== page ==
The People's New Testament, B.W. Johnson, , at sacred-texts.com
rev 10:0SUMMARY.--The Strong Angel. The Open Book. Standing on Sea and Land. The Seven Thunders. The Angel's Oath. John Asked to Devour the Book. Sweet, and Yet Bitter. Called on Again to Prophesy.
I saw another mighty angel come down from heaven. This mighty angel was seen in vision and is to be regarded as a symbol. The description is very much like that of the Son of Man in chapter 1. While the whole may signify some momentous movement the similarity of the description implies that Christ comes in that movement. Let the facts stated be observed closely. 1. He is a mighty angel. 2. He comes down from heaven, enveloped in a cloud. 3. The rainbow about his head is the symbol of hope and peace. 4. The shining of his face and feet indicate that he shall spread light and intelligence. 5. His standing on sea and land shows that his mission was to the whole world. 6. The angel holds in his hand an open book. The roll is not only unsealed, but it is unrolled so that it can be read. This open book occupies a very conspicuous place in his work. The book in the angel's hand must be an emblem of some fact. 7. The seventh fact is that when he, standing on land and sea, with the open book in his hand, cried in a loud voice, a command, or proclamation, or a call for attention, the seven thunders uttered their voices. The whole evidently signifies some mighty movement on the earth inaugurated by Christ.
When the seven thunders had uttered their voices, etc. The seven thunders (definite article in the Revision) uttered their voices when the angel cried in a loud voice. John was forbidden to record what they uttered. Certain facts will help us to understand what is meant. 1. The apostate power which had taken away and closed the book of the New Testament was called the seven-hilled city, and is alluded to in Revelation as the woman that sat on seven mountains (Rev 17:9). 2. The word thunder has been constantly used to describe the threatening, blasphemous, and authoritative fulminations issued by the seven-hilled power against its enemies. To illustrate this, Le Bas says in his life of Wiclif, page 198: "The thunders which shook the world when they issued from the seven hills, sent forth an uncertain sound, comparatively faint and powerless, when launched from a region of less devoted sanctity." These ecclesiastical thunders derived their power from the fact that they were hurled from the seven-hilled city. Very appropriately the bulls and anathemas of Rome may then be called the seven thunders. 3. It is a historic fact that the opening of the book by the Reformation, called forth the loudest voices of the seven thunders. The anathemas that had been wont to shake the nations were hurled at Luther and his supporters.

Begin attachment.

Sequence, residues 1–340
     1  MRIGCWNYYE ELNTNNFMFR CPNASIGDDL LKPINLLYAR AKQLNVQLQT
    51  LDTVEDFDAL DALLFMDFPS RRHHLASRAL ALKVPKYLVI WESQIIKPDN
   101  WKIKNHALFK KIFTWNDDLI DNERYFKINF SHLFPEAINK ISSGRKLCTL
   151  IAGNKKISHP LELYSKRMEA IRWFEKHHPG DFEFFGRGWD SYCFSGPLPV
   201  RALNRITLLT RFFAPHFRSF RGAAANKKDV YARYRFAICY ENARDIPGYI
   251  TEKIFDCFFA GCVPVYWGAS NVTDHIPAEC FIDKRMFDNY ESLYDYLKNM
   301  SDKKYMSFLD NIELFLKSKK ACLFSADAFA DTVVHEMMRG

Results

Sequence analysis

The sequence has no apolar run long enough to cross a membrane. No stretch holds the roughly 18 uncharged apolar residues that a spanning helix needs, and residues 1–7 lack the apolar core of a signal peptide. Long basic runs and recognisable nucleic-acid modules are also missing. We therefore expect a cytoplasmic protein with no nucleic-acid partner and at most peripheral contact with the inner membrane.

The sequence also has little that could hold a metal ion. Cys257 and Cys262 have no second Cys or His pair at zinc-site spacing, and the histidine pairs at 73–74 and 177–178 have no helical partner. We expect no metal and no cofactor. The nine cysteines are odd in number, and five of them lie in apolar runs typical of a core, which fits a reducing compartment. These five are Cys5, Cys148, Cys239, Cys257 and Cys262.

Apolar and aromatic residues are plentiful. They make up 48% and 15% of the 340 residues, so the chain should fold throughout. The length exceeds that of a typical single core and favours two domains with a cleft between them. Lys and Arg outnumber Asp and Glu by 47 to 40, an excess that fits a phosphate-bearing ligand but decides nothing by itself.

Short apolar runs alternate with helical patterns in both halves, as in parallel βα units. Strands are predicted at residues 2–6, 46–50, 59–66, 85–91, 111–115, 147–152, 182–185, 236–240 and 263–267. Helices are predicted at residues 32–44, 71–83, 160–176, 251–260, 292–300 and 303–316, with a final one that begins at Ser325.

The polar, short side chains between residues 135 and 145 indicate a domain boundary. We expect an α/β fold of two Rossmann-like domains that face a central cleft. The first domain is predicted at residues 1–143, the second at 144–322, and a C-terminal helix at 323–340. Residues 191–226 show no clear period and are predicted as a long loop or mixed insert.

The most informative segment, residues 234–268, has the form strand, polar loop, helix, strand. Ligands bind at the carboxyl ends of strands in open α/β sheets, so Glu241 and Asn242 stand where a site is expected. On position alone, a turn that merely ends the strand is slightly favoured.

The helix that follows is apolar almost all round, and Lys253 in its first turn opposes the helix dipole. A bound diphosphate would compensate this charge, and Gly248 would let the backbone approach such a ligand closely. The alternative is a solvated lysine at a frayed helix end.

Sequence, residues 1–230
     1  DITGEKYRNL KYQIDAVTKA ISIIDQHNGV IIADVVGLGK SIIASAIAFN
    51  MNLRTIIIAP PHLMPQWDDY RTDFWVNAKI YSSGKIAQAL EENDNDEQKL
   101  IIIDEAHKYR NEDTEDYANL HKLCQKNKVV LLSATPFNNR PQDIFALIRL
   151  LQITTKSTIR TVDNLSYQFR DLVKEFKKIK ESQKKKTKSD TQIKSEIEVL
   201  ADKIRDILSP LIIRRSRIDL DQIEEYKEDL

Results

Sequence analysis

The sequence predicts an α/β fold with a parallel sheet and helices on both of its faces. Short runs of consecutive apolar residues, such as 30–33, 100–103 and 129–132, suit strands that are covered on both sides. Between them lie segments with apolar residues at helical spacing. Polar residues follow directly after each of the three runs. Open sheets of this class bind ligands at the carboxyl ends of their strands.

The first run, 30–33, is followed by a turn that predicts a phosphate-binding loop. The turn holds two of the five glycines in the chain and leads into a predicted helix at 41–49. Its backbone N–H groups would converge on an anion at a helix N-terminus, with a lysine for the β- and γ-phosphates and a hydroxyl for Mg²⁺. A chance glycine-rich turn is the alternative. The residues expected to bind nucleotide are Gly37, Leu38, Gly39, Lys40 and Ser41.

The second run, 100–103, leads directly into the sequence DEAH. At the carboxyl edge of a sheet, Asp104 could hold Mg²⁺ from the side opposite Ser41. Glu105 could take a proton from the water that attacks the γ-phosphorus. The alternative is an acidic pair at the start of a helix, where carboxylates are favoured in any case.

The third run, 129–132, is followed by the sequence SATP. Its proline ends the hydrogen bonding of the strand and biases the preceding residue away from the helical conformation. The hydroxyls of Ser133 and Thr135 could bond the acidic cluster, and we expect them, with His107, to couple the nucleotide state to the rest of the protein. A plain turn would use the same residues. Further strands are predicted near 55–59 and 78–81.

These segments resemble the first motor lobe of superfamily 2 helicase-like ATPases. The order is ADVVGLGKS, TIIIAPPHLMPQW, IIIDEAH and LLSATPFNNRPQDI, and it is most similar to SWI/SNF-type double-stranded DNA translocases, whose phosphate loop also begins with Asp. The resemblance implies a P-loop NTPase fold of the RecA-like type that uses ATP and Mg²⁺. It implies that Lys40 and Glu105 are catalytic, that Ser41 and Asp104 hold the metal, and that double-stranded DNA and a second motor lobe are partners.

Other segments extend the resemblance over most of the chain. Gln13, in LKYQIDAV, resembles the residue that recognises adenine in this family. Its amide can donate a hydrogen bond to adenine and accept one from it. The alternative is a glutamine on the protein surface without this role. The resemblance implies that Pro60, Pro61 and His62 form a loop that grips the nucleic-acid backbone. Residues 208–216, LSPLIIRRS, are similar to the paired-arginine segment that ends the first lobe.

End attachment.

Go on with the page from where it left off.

And the angel . . . sware . . . that there should be time no longer. The whole passage means that the time remaining is short, and that in the time of the seventh trumpet angel the whole consummation shall be reached. In response to the anathemas, thunders, and persecutions, called forth by the Reformation, the great angel who stands on both sea and land lifted his hand and uttered his solemn oath that the period of probation, persecution and suffering on the part of the Church, soon shall end. In Rev 6:10 the suffering martyrs of Pagan persecution cry, O Lord, how long? And here to the second great body of martyrs assurance is given that events are hastening to the end. The mystery shall be finished when the seventh angel shall sound.
Go and take the little book . . . eat it up. I will give a synopsis of the events of the chapter. 1. The angel holds in his hand an open book. 2. He calls attention to it in a loud voice. 3. The seven thunders launch their thunderbolts against the reception of the open book by the world. 4. John is about to record their words, but is forbidden. 5. The angel affirms with an oath, that the duration of the power and terror of the seven thunders shall be short, and that soon the seventh angel shall sound universal redemption and triumph. 6. John is bidden to take the book. 7. He receives it and is told to eat it, or to receive and devour its contents. 8. Its words are sweet like honey. In the nineteenth Psalm the word of the Lord is compared to the sweetness of honey. 9. There are bitter effects that follow. The great object of this angel seems to be to present the open book to the world. The book is mentioned four times in the chapter; twice it is stated that the book was open. John, in behalf of humanity, receives the book; a symbol of the reception of the New Testament in their own tongues, received by the nations as a result of the Reformation. The word of the Lord was received by the people with great eagerness and joy. They found it "sweeter also than honey and the honey comb." But while they devoured the word with great enjoyment, there were bitter effects that followed. Millions, perhaps, in all, were persecuted and put to death because they had accepted the book and suffered it to determine their lives and worship.